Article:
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The Wedding Dance
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By Gil Clelland - Pastor at Sanctuary London

Miriam closed her eyes, raised her hands to heaven, and the water washed over her. Four friends, each with a bucket of warm water, poured the water as I asked her the questions that people following Jesus have been asked for two thousand years.

"Do you Miriam, accept Jesus as your Lord and Saviour?"
"Yes."
"Do you want to follow Him in the waters of baptism?"
"Yes."
"Then, I baptize you Miriam, in the name of the Father, Son, and Holy Spirit."
Holy hugs followed. We greeted and shared prayers and hugged some more. This, Miriam's wedding day, was also her baptism day. She had wanted to take this day, of all days, to honour where God had taken her, how God had shaped her, and share that amazing grace with her friends and family. She wanted to be “pure” for her husband. So, both Miriam and her future husband were baptized...and a half hour later, were married! A great beaming smile grew across Miriam's face. And somewhere in the back of the sanctuary, a warmth came over Ken and Joan that they had not experienced in years.

Ken found me later. A man of great warmth and joy - but from one look at his face, he also knew great pain. Joan and Ken walked over with their adopted daughter, Joanne. Joanne has autism. She could smile but could not speak. This trio stood before me. Smiling. They knew something I didn't and were about to share...

"We adopted Miriam as a young girl. She had FAS (fetal alcohol syndrome). We raised her to follow God and love the church. But it wasn't easy. She rebelled. We tried. We loved...and by her sixteenth birthday, she was gone. To the streets...the reserves. We heard rumours and none of them were good. We had to let her go..." This obviously hurt Ken the most. I think he recalled all those sleepless nights. Waiting. Wondering. Insides being ripped in two. All those seemingly unanswered prayers. He remembered crying out to God - Hold onto my daughter, please. So, he stopped to compose himself. He looked Joan in the eye like they had done so many times in their marriage. He received strength in her love...and he continued.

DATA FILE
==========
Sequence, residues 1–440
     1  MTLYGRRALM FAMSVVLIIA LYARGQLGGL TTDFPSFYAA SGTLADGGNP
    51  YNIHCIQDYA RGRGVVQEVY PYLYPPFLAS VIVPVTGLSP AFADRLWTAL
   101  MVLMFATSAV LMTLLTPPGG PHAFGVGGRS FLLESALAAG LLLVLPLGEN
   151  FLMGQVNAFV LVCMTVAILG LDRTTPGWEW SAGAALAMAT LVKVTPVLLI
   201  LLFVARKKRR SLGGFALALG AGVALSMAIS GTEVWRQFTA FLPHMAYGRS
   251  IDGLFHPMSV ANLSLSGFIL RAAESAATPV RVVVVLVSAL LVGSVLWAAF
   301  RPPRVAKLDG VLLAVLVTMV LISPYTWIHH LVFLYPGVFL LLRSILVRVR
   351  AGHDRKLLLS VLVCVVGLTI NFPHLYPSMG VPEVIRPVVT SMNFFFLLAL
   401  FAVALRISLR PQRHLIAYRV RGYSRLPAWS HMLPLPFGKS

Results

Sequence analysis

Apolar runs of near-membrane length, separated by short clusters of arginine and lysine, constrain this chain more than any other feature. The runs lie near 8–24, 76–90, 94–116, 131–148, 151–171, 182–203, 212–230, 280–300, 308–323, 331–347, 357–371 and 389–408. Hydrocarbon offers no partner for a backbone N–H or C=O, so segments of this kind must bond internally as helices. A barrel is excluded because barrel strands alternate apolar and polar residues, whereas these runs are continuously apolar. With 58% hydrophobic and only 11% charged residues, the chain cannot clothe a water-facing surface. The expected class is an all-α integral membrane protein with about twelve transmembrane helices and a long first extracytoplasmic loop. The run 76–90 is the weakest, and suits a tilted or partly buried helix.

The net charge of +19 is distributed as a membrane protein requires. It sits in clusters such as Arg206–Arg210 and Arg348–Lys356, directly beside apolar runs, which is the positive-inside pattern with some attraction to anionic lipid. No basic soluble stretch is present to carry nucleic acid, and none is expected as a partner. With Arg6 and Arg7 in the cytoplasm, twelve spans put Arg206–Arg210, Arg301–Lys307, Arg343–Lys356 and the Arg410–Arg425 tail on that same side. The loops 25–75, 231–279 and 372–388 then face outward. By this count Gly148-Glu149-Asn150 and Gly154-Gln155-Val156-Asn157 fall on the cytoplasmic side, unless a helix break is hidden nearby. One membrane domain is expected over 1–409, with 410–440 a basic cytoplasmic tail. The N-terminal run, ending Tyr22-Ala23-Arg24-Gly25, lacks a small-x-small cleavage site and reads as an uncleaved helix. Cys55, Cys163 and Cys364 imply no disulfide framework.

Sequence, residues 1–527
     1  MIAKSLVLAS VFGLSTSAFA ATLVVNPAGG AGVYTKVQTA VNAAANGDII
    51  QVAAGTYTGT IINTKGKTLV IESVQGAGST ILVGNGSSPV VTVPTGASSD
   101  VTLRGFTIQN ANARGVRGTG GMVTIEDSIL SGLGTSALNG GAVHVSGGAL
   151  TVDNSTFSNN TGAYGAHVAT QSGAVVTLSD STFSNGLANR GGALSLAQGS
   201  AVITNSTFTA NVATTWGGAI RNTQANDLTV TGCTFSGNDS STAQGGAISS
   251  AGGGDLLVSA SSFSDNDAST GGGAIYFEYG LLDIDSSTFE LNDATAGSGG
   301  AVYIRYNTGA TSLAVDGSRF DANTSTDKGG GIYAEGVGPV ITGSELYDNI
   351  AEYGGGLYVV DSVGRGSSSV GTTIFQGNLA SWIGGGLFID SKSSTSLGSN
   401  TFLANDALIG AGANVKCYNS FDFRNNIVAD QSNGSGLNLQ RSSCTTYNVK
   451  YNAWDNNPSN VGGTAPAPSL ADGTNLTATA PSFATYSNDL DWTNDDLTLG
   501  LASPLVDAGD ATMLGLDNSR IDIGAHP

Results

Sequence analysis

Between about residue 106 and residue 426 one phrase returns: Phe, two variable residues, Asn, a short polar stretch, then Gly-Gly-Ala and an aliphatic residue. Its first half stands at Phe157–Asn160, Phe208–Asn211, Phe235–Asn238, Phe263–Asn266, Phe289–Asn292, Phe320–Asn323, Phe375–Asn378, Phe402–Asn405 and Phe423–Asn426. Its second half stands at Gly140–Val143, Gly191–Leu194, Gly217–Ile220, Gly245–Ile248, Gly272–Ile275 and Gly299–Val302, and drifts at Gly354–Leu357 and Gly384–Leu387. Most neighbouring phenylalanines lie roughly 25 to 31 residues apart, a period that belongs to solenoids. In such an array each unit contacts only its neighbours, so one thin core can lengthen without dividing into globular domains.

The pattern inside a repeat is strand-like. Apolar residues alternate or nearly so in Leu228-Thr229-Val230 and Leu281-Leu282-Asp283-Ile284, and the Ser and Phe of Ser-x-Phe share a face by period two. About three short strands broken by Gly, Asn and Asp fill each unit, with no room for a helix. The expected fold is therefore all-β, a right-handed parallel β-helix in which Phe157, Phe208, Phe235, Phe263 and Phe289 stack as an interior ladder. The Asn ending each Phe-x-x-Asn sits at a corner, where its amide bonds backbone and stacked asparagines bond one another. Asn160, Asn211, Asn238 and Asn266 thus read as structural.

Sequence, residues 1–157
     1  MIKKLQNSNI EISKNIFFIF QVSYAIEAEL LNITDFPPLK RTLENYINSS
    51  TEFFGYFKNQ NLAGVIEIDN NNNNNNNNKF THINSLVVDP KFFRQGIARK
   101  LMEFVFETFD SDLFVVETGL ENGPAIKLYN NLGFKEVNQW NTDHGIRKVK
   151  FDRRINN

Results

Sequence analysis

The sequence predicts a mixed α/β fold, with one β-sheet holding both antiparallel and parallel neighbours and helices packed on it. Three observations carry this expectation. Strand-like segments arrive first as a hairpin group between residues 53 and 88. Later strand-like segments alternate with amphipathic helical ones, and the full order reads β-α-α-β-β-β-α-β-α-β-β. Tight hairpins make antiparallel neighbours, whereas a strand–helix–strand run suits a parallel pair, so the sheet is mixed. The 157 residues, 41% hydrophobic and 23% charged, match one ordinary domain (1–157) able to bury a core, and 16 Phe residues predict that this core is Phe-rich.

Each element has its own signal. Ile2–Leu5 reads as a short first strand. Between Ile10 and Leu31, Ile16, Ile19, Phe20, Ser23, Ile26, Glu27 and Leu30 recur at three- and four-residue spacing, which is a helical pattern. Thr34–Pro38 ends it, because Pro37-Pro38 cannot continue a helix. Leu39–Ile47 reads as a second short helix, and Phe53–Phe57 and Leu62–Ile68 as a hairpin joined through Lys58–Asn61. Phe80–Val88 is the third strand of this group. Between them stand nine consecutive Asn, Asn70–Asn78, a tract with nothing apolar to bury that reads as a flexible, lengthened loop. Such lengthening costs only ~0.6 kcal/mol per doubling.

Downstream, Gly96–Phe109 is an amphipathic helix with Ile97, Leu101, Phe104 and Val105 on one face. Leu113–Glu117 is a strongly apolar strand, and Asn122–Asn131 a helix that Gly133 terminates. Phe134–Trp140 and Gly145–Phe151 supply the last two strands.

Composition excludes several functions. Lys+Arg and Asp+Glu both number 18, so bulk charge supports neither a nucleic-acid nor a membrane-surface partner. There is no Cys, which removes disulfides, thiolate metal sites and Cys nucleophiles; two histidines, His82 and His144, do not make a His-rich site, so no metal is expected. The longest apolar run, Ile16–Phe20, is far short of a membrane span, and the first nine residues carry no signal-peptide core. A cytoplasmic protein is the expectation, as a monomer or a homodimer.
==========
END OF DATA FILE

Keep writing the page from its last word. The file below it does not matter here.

"But God never let her go." Here, the love for his daughter met the reality of the moment and he stopped again. "God led her to you guys, this community, and you. Miriam speaks very highly of you. She loves this place. She feels accepted here. And she has learned to walk with God again." He looked Joan in the eyes again. "We just wanted to say 'Thank-you'."

Miriam wandered over to our conversation. She addressed Ken directly. "Papa, the band is ready. Can you come and dance with me?" And Ken was whisked away.

We don't get that much at Sanctuary. We rarely meet the 'past.' We hear all about it. Our friends on the streets share a lot of their past with us. Sometimes, their stories are full of pain from home. And sometimes, like Miriam, home was great, but choices led them down a different path for a while.

Later that night, Ken's words resounded with me. His words echoed. They were a life lesson for me. For each of the friends I meet and never hear from again. For each person I wanted to love more, teach more, learn from, and welcome...but they left. I have to let them go...but God never lets them go.